Sharapova floors Halep to win second French Open title

Russia's Maria Sharapova celebrates as she wins the French tennis Open final match against...

Russia's Maria Sharapova celebrates as she wins the French tennis Open final match against Romania's Simona Halep at the Roland Garros stadium in Paris on June 7, 2014. (AFP PHOTO/KENZO TRIBOUILLARD)

Julien Pretot, Reuters

, Last Updated: 11:26 PM ET

Maria Sharapova claimed her second French Open title when she floored Romanian fourth seed Simona Halep 6-4 6-7(5) 6-4 after a marathon encounter in Saturday's final.

The seventh seed from Russia claimed her fifth grand slam title after Wimbledon 2004, the 2006 US Open, the 2008 Australian Open and her first Roland Garros title two years ago.

Halep, who had not lost a set entering the final, put up a great fight but bowed out after three hours and two minutes - the longest women's final in Paris since 1996.

Sharapova wrapped it up on her first match point when Halep could not return one of her opponent's sizzling forehands.

"This is the toughest grand slam final I have ever played. I respect Simona a lot, I thought she played an unbelievable match today," Sharapova said with smudged mascara under her eyes.

"I can't believe it, seven or eight years ago I would not have thought that I would win more Roland Garros than any other grand slam.

"To think I won it twice... I'm so emotional now I can't talk."

The wily Romanian had forced a decider just as Sharapova seemed to have ended her resistance.

The Russian, however, had won the last 19 three-set matches she had played on clay since losing to Justine Henin in the third round at Roland Garros in 2010 and made it 20 with a characteristically gutsy display.

Halep, hoping to become the second Romanian woman to win a grand slam title after her manager Virginia Ruzici won at Roland Garros in 1978, broke in the first game of the match when Sharapova sent a backhand long despite having an open court at her disposal.

Sharapova unsettled Halep with her crosscourt shots but the Romanian held on for 2-0.

The Russian bombarded Halep with powerful forehands and managed to break back for 2-2 on her fourth chance when Halep's crosscourt backhand went wide.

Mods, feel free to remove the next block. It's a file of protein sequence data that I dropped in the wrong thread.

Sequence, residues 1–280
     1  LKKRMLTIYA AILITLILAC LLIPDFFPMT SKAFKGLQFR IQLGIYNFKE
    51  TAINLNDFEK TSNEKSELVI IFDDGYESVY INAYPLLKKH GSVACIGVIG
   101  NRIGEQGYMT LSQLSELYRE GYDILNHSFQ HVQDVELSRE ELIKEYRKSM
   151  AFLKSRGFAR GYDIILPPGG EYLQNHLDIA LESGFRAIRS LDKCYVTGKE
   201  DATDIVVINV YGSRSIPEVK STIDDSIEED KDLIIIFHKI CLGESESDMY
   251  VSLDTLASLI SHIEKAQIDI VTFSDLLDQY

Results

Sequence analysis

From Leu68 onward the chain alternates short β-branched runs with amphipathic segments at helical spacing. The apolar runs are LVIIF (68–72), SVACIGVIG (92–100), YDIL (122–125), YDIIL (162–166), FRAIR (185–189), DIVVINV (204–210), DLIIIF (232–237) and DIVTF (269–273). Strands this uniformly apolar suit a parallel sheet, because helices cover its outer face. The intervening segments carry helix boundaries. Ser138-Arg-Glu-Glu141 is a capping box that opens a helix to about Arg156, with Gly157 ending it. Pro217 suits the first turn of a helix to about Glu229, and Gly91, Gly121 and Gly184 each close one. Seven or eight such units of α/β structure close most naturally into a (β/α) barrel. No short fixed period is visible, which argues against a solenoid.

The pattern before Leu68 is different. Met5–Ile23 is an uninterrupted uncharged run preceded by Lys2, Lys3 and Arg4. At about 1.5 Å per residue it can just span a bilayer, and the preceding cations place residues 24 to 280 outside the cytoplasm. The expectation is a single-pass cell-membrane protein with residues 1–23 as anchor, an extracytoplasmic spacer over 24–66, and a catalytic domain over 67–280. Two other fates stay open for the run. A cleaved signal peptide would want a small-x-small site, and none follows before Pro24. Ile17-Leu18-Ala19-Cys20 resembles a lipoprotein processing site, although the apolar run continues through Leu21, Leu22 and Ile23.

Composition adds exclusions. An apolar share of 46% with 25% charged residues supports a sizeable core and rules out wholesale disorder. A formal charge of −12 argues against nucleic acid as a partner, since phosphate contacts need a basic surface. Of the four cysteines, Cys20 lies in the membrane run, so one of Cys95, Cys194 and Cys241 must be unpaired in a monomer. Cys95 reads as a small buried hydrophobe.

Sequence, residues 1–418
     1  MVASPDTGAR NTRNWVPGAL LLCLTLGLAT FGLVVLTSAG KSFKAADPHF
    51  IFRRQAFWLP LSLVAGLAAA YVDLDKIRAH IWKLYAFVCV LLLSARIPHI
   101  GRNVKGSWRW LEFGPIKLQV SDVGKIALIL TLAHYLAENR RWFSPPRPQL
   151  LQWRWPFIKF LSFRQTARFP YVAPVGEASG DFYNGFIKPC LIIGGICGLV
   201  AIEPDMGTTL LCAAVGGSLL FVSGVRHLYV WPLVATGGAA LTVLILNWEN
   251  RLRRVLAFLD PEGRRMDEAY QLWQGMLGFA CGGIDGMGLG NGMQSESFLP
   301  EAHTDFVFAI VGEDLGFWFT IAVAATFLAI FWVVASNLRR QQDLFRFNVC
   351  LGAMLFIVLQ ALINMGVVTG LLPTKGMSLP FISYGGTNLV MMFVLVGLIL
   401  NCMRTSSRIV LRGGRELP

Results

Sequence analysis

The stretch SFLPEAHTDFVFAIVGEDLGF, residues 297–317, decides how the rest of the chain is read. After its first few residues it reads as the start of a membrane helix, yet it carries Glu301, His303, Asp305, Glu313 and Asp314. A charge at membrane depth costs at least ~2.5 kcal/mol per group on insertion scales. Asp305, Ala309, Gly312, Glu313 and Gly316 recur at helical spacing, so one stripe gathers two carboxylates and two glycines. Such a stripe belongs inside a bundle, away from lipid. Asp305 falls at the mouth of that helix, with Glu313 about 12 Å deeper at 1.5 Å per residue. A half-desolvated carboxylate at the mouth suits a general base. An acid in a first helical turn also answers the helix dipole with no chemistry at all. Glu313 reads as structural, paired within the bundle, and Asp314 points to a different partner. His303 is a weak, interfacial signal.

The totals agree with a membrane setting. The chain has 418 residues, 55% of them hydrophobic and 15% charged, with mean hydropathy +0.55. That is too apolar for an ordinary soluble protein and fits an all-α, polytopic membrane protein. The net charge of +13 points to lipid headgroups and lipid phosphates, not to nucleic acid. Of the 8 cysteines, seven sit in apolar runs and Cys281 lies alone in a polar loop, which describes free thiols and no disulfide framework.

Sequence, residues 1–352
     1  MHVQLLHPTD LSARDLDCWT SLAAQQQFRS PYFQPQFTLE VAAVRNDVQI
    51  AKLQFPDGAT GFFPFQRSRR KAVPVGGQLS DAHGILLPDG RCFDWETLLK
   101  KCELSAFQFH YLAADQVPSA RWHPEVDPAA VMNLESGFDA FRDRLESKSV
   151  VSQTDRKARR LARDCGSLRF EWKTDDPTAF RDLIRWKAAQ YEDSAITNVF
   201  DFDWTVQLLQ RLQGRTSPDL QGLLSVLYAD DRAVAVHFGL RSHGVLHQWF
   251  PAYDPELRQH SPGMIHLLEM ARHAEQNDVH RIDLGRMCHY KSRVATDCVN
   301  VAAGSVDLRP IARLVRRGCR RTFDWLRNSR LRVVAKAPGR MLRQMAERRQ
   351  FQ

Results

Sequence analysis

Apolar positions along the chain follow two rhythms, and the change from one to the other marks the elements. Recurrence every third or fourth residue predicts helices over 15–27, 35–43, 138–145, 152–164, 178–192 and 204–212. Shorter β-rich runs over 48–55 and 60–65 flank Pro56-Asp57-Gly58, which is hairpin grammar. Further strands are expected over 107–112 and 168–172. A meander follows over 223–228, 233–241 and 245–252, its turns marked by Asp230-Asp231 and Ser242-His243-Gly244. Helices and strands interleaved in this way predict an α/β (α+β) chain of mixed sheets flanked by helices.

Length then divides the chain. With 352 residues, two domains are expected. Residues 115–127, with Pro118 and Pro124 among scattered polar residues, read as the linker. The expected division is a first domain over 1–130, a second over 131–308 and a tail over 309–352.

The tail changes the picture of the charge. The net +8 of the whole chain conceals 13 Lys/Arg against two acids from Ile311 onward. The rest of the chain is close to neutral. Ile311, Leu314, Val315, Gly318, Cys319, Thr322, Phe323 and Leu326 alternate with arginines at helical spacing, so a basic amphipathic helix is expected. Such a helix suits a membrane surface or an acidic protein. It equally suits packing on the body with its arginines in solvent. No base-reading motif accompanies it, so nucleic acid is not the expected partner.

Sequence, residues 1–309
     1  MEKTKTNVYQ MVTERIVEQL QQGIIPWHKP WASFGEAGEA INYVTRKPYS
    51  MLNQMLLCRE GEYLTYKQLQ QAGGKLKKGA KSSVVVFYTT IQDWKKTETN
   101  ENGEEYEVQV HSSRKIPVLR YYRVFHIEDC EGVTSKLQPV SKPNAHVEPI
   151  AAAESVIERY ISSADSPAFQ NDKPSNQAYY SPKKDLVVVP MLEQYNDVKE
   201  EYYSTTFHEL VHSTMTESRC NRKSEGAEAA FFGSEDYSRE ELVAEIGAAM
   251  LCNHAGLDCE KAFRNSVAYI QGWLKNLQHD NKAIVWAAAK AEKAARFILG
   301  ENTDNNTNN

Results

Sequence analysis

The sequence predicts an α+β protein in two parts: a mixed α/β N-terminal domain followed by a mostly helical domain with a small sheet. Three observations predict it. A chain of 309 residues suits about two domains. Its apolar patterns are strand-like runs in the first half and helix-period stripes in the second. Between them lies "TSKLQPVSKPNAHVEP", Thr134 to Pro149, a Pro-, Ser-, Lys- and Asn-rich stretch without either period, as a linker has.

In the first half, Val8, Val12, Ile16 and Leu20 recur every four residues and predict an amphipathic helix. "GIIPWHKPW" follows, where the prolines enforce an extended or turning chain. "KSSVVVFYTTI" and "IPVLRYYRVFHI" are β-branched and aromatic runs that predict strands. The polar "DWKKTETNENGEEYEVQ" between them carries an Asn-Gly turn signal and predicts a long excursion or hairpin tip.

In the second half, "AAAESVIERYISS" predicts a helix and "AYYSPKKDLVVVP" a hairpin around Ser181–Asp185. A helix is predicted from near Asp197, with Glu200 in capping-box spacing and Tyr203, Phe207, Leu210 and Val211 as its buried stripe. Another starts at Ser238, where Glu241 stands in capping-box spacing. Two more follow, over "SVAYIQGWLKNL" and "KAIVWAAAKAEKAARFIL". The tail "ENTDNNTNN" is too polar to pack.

Sharapova's third double fault gave Halep another break point, which the Russian saved with another forehand winner down the line before holding for 3-2 after four deuces.

The Russian broke for 4-2, went to 5-2 and then lost two games before taking the set on her opponent's serve when Halep fired a crosscourt forehand wide.

Sharapova won the first game of the second set to love and broke in the second with the contest seemingly heading for a swift conclusion.

Halep would not give up, however, and broke back by forcing Sharapova to net a backhand as the crowd roared "Simona, Simona".

They exchanged four breaks in a row as the set went into a tiebreak and the clock ticked past the two-hour mark. Halep went 5-3 down but then scored four points in a row to send the match into a deciding set.

Sharapova saw off two break points in a hotly contested fourth game and went on to break Halep's serve screaming "Davai!" (come on), only to double fault yet again as the Romanian levelled for 4-4.

In a third set where the serve counted for little, Sharapova broke to love to move one service game from the title and fell to her knees in celebration as Halep sent a looping backhand wide.

"It's my first grand slam page, emotionally it's difficult," said Halep, last year's most improved player.

"I hope there will be many more but this one will be special for me all my life. Congrats Maria you're a great champion."

MARIA SHARAPOVA

Born: April 19, 1987 in Nyagan, Russia

GRAND SLAM TITLES: Five -- Wimbledon (2004); U.S. Open (2006); Australian Open (2008); French Open (2012, 2014)

MAKING HER NAME

Born in Siberia, moves to Black Sea coastal resort of Sochi aged two.

Moves to Florida in 1996 to train at Nick Bollettieri's Tennis Academy in Bradenton. Sharapova's father Yuri moves to U.S. with her but mother, Yelena, has to stay in Russia due to visa restrictions.

Turns professional in 2001.

TENNIS CAREER

Wins first tour title at Tokyo in 2003. Finishes inside top-50 for first time.

Becomes first Russian woman to win Wimbledon in 2004 aged 17, beating defending champion Serena Williams 6-1 6-4 in the final.

In August 2005 becomes first Russian woman to reach the top of the world rankings.

Wins her second grand slam after defeating second seed Justine Henin 6-4 6-4 in the 2006 U.S. Open final.

Beats Ana Ivanovic of Serbia 7-5 6-3 in 2008 to win her third grand slam title, and first Australian Open.

Regains number one ranking by beating Petra Kvitova in their semi-finals at Roland Garros in 2012 before defeating Sara Errani 6-3 6-2 in the final to complete her collection of grand slam trophies.

Wins a silver medal in her Olympic debut at the 2012 Games in London, losing the gold-medal match against Williams 6-0 6-1.

Wins fifth grand slam title at 2014 French Open.

OTHER NOTES

Undergoes shoulder surgery in 2008 and has a nine-month injury layoff.

Misses second half of 2013 season with a shoulder injury.

Is the richest woman in sport and with more than 13 million fans, she is the most followed female athlete on Facebook.


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